Validity of Contract’s Non-Compete Clause Determined by One Phrase

fencing-1434215-1024x855People have bargained with one another since the dawn of time. Many agreements occur through mere conversation, but memory may be faulty or even denied. Thus, written contracts exist to keep a record of agreements made by two people or business entities. When a disagreement over the meaning of a contract is brought to court, the court will refrain from unnecessarily changing the meaning of words in a contract, opting instead to take the written words literally and simply. RJAM, Inc. v. Miletello, 44 So. 3d 283 (La. Ct. App. 2010). This means that even a single word can completely change how a contract is enforced. A lawsuit concerning that exact issue arose in Parish of Bossier.

In 2004, Endurall, Inc. was created out of an older company that made supplies for oil and gas lines. This new company provided a specific tool for oil rigs. As part of the process of forming the corporation, the four founders signed a non-compete proprietary agreement. This agreement would prevent any of them from going into the same line of business in the same geographical area for two years after leaving the company. In 2012, two of the founding shareholders formed a similar company. They were immediately fired for possibly having used Endurall information to form their new venture, but they did keep their stock. Soon afterward, the two petitioned the court to dissolve Endurall due to the disagreement amongst the stockholders. As a result of the filing, Billy Joe Edwards was no longer a shareholder. His stock and that of the other fired shareholder was sold at private auction to the other two shareholders that had not been involved in the scheme. The two remaining shareholders filed to dismiss the dissolution which was granted.

Soon after, Mr. Edwards and his son created another company that would sell the exact same product line as Endurall only twenty miles away. He also worked for another company selling paraffin products to customers he had worked with while at Endurall. In 2014, the two remaining shareholders sued to have the court enforce the non-compete provision against Mr. Edwards. Any court order which requires a party to do or cease from doing something is an injunction. The trial court granted an injunction ordering Mr. Edwards to stop the competitive business until the agreement expired. Mr. Edwards appealed.

In Louisiana, La. R.S. 23:921 governs when such an agreement is legal. It has been updated and changed throughout the years. The issue in the court was which version of the statute applied in this case. Mr. Edwards argued that the statute as it existed in 2004 should apply. As written then, it did not allow for such agreements between shareholders and the corporation itself. This was based on public policy to prevent individuals from losing the ability to work. The trial court applied the rule as it existed in 2012, which permitted such contracts. The Court of Appeal agreed with the trial court. The court noted that the agreement itself referenced La. R.S. 23:921 “as amended”. Since courts are required to interpret the words of the contract as they are plainly written, the Court of Appeal chose to interpret “as amended” to include any amendments made to that law after the contract itself was made. The Court of Appeal also agreed with the trial court’s decision which determined that to claim the term used only referred to previous amendments was unreasonable. What was reasonable in this situation was to find that these words meant the parties wanted the courts to apply the law as it existed at the time the contract was before the court.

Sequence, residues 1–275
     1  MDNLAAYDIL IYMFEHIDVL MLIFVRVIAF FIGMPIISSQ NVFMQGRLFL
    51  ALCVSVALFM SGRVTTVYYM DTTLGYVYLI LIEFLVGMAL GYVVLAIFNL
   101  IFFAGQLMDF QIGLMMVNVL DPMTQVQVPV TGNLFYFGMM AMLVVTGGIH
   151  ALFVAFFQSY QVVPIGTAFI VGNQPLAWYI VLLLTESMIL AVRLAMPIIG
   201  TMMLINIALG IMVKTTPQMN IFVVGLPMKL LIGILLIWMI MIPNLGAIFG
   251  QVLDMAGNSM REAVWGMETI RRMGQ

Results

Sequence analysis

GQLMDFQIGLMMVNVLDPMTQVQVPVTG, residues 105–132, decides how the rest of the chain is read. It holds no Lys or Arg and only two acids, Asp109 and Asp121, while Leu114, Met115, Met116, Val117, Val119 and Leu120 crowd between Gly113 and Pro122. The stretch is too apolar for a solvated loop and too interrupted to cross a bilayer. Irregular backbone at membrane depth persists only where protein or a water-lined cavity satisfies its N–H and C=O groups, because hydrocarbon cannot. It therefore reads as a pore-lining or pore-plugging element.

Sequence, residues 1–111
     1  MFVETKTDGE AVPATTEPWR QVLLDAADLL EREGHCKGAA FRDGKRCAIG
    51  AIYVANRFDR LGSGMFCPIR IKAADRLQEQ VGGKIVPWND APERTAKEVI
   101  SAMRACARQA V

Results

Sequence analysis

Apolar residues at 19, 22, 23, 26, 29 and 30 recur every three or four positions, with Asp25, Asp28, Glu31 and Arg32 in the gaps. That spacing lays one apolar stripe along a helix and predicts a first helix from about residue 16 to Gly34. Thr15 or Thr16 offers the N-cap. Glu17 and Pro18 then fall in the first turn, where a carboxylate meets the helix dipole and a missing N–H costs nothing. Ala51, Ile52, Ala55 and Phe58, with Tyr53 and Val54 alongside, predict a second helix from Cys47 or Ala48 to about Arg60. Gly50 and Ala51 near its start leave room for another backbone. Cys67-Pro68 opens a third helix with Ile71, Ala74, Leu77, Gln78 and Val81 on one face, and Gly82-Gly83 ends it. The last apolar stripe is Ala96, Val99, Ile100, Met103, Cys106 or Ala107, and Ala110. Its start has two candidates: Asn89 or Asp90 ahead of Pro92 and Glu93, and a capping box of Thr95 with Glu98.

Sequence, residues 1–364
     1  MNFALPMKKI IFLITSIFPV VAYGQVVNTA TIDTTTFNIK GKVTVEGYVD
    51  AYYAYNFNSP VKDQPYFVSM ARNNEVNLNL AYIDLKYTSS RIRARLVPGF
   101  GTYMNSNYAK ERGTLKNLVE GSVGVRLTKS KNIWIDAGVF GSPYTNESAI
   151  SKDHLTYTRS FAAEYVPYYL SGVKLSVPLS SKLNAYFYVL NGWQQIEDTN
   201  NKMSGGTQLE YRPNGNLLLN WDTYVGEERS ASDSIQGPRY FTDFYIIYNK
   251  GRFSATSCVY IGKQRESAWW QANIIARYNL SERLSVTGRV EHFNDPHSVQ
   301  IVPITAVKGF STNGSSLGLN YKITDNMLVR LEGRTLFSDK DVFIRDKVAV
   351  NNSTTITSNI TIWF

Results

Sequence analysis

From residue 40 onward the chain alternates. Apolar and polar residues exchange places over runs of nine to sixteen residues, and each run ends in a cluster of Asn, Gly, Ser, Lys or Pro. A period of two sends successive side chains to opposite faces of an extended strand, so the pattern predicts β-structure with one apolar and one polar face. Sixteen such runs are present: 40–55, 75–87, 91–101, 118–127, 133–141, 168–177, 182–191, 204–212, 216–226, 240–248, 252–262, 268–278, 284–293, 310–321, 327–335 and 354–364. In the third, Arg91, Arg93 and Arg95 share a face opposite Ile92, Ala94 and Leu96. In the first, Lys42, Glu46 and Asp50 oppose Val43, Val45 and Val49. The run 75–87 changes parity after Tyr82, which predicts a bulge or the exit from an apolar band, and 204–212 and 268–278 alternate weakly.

The Court of Appeal also noted that either way, a valid contract existed and Mr. Edwards had violated its non-compete provision. The limits on non-compete provisions existed to prevent individuals from being taken advantage of by employers. An experienced and successful businessman like Mr. Edwards did not need to be protected in this way. Since the wording of the contract was not vague, the Court of Appeal was confident that the trial court was correct in applying the law as it existed in 2012.  

This case should serve as a cautionary tale to parties entering into a contract. A great attorney can help these people make sure they know what it is they are signing and navigate their rights when a contract dispute arises.


Written by Berniard Law Firm Blog Writer: Ashley Weaver

Additional Berniard Law Firm Articles on Non-Compete Agreements: The Perils of Signing a Non-Compete Agreement in Louisiana

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